Such is the scale of the site that the two days we spent here is barely enough to do it justice. What is astonishing is that this site is almost devoid of tourists: most of the time we had the entire place to ourselves, as was the case for most of the sites we visited in Libya. The country has yet to be discovered by mainstream tourism. On the downside, the site is littered with remnants, stones, columns, capitals, etc., left where the colonising Italians last put them back in the 1930’s. Very little preservation work has been done since then. Large weeds and saplings grow out of the joints of the stonework and these will eventually crack the joints apart. It is a sad state of affairs for the future of such magnificent structures, although on the selfish side I am privileged to have seen this site unhampered by railings, cordons or ‘no entry’ signs. Not to endure large groups of tourists, to have free access and to take unhindered photographs, was indeed a true pleasure.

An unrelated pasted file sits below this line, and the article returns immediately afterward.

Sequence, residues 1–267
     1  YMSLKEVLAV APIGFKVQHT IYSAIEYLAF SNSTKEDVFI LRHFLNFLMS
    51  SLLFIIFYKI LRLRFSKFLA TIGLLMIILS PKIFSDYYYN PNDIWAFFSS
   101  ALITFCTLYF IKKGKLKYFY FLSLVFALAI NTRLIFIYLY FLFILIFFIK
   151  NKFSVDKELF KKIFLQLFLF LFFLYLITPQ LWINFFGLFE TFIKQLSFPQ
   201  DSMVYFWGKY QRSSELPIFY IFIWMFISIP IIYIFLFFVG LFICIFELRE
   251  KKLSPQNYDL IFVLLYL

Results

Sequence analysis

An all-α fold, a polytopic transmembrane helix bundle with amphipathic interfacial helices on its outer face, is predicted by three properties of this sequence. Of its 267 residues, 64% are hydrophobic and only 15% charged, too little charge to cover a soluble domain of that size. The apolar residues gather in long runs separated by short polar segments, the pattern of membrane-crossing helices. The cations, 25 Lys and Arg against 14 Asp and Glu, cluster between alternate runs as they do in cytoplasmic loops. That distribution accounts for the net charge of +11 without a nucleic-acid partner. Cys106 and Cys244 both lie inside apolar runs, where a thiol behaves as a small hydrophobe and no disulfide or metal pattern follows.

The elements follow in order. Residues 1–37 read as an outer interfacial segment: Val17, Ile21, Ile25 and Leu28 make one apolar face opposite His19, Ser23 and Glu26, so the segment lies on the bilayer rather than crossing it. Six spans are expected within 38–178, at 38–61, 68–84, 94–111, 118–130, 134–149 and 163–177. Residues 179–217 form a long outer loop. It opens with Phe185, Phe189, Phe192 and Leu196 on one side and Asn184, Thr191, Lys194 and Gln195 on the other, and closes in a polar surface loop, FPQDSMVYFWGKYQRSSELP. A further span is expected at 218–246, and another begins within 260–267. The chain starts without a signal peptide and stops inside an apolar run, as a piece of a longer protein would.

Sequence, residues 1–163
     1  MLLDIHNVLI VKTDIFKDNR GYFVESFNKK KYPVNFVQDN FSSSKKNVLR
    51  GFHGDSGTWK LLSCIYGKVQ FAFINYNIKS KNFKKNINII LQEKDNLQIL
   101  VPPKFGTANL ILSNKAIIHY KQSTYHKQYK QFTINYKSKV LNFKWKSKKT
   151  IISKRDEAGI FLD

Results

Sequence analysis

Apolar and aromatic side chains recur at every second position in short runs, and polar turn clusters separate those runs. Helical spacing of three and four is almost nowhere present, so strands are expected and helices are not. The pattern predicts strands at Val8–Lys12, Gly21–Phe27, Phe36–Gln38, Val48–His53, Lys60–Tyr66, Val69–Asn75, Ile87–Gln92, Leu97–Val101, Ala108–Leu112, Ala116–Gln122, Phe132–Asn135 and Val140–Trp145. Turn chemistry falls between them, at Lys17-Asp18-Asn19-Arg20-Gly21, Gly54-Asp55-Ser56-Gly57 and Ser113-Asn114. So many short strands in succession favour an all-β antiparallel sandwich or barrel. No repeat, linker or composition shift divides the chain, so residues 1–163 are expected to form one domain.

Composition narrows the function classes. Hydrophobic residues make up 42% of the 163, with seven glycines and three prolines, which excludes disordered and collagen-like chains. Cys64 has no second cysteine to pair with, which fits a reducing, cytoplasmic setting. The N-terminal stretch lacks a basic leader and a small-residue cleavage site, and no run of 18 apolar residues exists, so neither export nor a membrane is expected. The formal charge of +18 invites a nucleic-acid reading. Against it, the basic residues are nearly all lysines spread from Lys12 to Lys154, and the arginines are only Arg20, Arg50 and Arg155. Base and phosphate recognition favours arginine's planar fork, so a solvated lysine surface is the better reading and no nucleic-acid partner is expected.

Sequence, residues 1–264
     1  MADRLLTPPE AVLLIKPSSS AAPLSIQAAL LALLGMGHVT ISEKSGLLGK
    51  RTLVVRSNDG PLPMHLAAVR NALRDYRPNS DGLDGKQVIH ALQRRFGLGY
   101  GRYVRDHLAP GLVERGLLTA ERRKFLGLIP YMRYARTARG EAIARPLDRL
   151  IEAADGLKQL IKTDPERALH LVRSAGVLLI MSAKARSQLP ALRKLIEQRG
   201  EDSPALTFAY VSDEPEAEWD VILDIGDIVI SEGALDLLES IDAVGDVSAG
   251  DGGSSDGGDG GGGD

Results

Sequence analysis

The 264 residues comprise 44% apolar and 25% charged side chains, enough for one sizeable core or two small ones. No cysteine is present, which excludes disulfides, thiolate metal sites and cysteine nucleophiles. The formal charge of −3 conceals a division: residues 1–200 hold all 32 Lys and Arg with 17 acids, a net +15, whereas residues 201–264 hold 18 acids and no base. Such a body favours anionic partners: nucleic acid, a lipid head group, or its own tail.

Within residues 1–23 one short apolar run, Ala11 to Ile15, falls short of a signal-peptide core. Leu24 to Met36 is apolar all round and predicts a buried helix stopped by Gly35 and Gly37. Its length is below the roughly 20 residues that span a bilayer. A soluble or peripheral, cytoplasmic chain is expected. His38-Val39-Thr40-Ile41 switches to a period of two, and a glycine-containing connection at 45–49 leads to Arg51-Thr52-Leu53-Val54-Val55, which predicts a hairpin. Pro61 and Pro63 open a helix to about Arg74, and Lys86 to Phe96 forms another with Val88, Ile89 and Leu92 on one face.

The Leptis Museum contains an expansive collection of beautiful artefacts from the Leptis site which includes statues, busts, pottery and a history of Leptis through the ages. For me the pinnacle of my trip was a towering two-storey high kitsch painting of His Holiness, The Colonel, which dominates the centre of the museum.


Up early again on our last day to catch the flight back to London. We leave Tripoli at 18 degrees centigrade and arrive in London, freezing, at 2 degrees. Even the brass monkeys have their thermals on.